COVID News Updates

February 14, 2023 at 11:59 a.m.


Hybrid immunity may be the best protection against COVID-19

Analyzing data from controlled studies throughout the world, researchers discovered people with hybrid immunity are the most protected against severe illness and reinfection. Hybrid immunity occurs when someone has had at least the full series of vaccines and has a prior infection, in any order. The study published in The Lancet Infectious Diseases now is helping public policymakers understand the optimal timing of vaccinations.

"The results reinforce the global imperative for vaccination," said study first author Dr. Niklas Bobrovitz. "A common question throughout the pandemic was whether previously infected people should also get vaccinated. Our results clearly indicate the need for vaccination, even among people that have had COVID-19."

The global emergence and rapid spread of the Omicron variant of concern required scientists and policymakers to reassess population protection against Omicron infection and severe disease. In the study, investigators were able to look at immune protection against Omicron after a prior SARS-CoV-2 infection (the virus that causes COVID-19), vaccination, or hybrid immunity.

"Protection against hospitalization and severe disease remained above 95% for 12 months for individuals with hybrid immunity," said senior author Dr. Lorenzo Subissi, who is a scientist for the World Health Organization (WHO). "We know more variants are going to emerge. The study shows to reduce infection waves, vaccinations could be timed for roll-out just prior to the expected periods of higher infection spread, such as the winter season."

The systematic review and meta-analysis revealed that protection against Omicron infection declines substantially by 12 months, regardless of whether you've had an infection, vaccinations, or both, which means that vaccination is the best way to periodically boost your protection and to keep down levels of infection in the population. In total, 4,268 articles were screened and 895 underwent full-text review.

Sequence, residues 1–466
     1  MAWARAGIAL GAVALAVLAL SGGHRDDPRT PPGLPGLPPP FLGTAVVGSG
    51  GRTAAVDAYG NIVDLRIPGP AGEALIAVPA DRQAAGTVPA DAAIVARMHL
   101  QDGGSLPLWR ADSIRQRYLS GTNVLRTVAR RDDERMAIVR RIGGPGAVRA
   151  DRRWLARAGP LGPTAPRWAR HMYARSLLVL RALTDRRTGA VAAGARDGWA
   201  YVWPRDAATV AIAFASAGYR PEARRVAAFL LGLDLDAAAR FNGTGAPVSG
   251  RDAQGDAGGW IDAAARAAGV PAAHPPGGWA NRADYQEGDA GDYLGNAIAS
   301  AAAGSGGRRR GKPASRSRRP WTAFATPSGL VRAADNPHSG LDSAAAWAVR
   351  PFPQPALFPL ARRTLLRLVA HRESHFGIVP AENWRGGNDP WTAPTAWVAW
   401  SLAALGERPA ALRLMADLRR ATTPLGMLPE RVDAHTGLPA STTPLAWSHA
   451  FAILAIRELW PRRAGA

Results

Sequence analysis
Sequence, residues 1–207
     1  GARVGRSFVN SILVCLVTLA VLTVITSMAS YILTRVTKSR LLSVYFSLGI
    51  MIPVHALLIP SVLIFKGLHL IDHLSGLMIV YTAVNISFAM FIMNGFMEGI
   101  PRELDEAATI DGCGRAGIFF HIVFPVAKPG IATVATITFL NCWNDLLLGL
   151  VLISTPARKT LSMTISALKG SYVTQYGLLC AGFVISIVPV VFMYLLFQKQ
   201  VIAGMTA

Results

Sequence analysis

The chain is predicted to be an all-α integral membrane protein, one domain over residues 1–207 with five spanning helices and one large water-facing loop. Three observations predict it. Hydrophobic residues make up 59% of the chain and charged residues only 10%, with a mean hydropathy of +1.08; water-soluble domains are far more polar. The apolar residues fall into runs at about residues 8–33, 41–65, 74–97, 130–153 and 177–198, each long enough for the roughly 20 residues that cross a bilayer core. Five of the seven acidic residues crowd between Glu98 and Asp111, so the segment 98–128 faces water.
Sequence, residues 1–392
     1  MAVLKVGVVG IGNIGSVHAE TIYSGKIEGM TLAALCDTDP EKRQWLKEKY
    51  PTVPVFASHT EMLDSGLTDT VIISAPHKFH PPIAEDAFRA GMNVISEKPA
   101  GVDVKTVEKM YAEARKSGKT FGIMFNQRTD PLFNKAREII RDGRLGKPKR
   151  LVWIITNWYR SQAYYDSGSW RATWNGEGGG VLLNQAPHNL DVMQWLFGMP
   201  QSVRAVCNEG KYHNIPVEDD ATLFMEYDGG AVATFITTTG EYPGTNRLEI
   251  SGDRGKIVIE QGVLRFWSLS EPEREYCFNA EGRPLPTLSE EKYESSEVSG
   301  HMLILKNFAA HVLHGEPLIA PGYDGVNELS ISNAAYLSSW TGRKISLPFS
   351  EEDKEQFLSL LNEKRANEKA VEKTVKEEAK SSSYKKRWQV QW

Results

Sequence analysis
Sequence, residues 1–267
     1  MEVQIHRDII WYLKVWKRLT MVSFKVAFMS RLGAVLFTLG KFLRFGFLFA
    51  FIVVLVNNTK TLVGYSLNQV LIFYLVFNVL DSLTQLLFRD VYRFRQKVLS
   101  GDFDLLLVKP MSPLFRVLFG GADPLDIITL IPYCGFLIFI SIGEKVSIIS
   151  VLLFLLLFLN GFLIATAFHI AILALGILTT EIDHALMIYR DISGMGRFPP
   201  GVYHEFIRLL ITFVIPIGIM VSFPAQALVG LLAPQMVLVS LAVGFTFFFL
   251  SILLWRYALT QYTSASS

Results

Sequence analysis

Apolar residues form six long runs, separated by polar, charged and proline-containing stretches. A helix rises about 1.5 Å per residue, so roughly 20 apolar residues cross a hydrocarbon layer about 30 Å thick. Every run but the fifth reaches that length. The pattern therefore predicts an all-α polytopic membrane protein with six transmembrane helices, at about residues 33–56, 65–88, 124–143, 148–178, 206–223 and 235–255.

I Can’t Smell Anything

The inflammatory mechanism may help explain other long COVID-19 symptoms. Some individuals fail to recover their sense of smell after COVID-19 and this appears to be linked to an ongoing immune assault on olfactory nerve cells and an associated decline in the number of those cells, scientists report.

The findings, published in the journal Science Translational Medicine, provide an important insight into a vexing problem that has plagued millions who have not fully recovered their sense of smell after COVID-19. While focusing on the loss smell, the finding also sheds light on the possible underlying causes of other long COVID-19 symptoms, including generalized fatigue, shortness of breath, and brain fog. It appears all these symptoms may be triggered by similar biological mechanisms.

"One of the first symptoms that has typically been associated with COVID-19 infection is loss of smell," said senior study author Dr. Bradley Goldstein, an associate professor at Duke University in North Carolina. "Fortunately, many people who have an altered sense of smell during the acute phase of viral infection will recover smell within the next one to two weeks, but some do not.”

In the study, colleagues at Duke, Harvard and the University of California-San Diego analyzed olfactory epithelial samples collected from 24 biopsies, including nine patients suffering from long-term smell loss following COVID-19.

This biopsy-based approach revealed widespread infiltration of T cells engaged in an inflammatory response in the olfactory epithelium, the tissue in the nose where smell nerve cells are located. This unique inflammation process persisted despite the absence of detectable SARS-CoV-2 levels. "The findings are striking," said Dr. Goldstein. "It's almost resembling a sort of autoimmune-like process in the nose."

Learning what body sites are damaged and what cell types are involved is a key step toward beginning to design treatments. Dr. Goldstein said the researchers were encouraged that neurons appeared to maintain some ability to repair even after the long-term immune onslaught. A loss of taste and smell is a common symptom of COVID-19 infection.

Researchers at the University of Utah report that some individuals experience a change to their sense of smell about three to four months following infection. The number of patients who experience a loss of smell and taste during or after COVID-19 infection varies widely. The loss or change of taste and smell during COVID-19 infection impacts about 50-75% of individuals.

Utah researchers report that individuals usually improve slowly with time. About 65% of people with COVID-19-induced symptoms regain these senses by about 18 months, while 80-90% regain these senses by two years.